RelayRides

A clever new peer-to-peer car-sharing scheme makes a lot of our standard travel expenses look like a huge waste of money.

The nimble car- and ride-sharing industries have rapidly been coming up with transportation services that make the standard car-rental model – go to a fixed location, usually at an airport, argue about why you can't use a debit card, fill up the tank before you come back – look increasingly stodgy and unresponsive. It's no wonder that large national rental chains have been chasing after the innovative models pioneered by outfits like Zipcar, IGO and Lyft. This newer generation of services has found a smart niche leveraging the cars people already own, the empty seats inside of them, or even the eagerness of many people to own no car at all.

This latest idea from San Francisco-based RelayRides illustrates why legacy rental firms still remain a step behind even as they try to move into the local car-sharing and peer-to-peer business. RelayRides just unveiled a particularly tempting new take on the airport rental experience: Starting in August, car owners will be able to park for free at San Francisco International Airport in exchange for allowing RelayRides to rent out their cars while they're gone. Insurance is included, in much the same way as it works for car-sharing companies like Zipcar. The free parking even comes with a car wash and a full tank of gas.

In theory, the idea benefits everyone directly involved with the transaction: RelayRides enters a new market, functioning more like a rental company with an inventory of other peoples' cars; car owners get to eschew steep long-term airport parking rates; and the people renting these cars will pay less, too, than what's typically charged at the rental counter.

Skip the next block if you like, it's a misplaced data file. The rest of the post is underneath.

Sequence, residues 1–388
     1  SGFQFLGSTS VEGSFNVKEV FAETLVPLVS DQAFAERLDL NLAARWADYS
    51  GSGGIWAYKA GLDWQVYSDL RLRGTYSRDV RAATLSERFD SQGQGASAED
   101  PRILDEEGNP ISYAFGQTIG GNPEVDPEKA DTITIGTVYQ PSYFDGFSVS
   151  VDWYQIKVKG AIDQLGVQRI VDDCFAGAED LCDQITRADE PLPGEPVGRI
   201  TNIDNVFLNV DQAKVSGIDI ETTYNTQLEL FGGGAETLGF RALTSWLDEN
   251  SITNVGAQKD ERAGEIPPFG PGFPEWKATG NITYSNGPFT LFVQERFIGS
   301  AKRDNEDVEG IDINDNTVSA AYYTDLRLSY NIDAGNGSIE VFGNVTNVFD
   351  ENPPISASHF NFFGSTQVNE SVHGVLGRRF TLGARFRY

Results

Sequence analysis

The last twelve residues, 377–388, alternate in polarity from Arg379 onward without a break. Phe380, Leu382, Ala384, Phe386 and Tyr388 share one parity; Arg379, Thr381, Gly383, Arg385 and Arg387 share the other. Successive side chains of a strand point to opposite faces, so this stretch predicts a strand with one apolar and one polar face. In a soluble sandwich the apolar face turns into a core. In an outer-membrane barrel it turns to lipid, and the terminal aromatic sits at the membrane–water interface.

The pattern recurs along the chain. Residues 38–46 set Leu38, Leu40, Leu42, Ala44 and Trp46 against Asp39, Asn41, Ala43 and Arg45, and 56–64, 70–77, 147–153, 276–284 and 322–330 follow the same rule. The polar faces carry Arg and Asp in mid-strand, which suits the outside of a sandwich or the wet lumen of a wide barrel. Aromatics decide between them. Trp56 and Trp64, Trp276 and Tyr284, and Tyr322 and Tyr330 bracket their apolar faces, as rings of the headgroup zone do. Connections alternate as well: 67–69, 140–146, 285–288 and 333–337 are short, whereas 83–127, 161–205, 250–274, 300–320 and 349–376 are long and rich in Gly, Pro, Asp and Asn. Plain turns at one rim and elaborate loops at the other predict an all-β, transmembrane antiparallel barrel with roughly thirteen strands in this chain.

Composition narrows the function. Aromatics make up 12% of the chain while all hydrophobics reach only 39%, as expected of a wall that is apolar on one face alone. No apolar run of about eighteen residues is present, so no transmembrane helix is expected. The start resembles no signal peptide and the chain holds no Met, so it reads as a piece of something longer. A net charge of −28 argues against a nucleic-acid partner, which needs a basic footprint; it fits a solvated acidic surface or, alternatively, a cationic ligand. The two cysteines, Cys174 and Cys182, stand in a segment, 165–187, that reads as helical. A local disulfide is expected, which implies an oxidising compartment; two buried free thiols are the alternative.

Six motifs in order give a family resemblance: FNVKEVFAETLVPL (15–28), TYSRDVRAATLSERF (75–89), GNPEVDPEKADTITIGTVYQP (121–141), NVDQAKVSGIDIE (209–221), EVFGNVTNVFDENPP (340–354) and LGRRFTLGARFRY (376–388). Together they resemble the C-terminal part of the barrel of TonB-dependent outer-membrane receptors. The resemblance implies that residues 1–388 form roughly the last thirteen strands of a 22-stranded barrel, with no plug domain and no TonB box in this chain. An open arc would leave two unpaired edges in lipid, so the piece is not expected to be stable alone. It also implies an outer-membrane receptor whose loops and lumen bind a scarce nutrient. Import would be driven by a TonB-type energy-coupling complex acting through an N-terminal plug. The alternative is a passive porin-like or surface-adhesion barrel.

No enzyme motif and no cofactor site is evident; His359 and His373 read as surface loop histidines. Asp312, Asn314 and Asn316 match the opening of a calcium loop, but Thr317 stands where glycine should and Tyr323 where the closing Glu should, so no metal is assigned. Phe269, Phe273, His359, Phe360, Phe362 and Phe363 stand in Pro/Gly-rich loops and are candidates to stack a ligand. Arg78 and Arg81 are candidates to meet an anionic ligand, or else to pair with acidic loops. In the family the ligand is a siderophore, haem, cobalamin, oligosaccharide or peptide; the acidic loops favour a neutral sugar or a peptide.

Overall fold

The interests that stand to lose out? If this scales up (the current proposal will start with just a 30-car lot in a single city), it will clearly eat into traditional car-rental business at the airport. The Wall Street Journal's Corporate Intelligence blog also brings up another set of potential losers:

Free long-term parking, meanwhile, could be a worrisome development to government-run and private airport parking lot operators. Parking and ground transportation provide about $2.9 billion in revenue annually to airports in the U.S. and Canada, according to a recent survey.

Of course, some of that money will be redirected rather than disappear. And you probably don't have great sympathies for private airport parking operators. But it's hard to imagine that if you're a car-owner in this situation – at least one who's willing to share your car – that you wouldn't jump on this deal.

About the Author

Emily Badger

Emily Badger is a former staff writer at CityLab. Her work has previously appeared in Pacific StandardGOODThe Christian Science Monitor, and The New York Times. She lives in the Washington, D.C. area.

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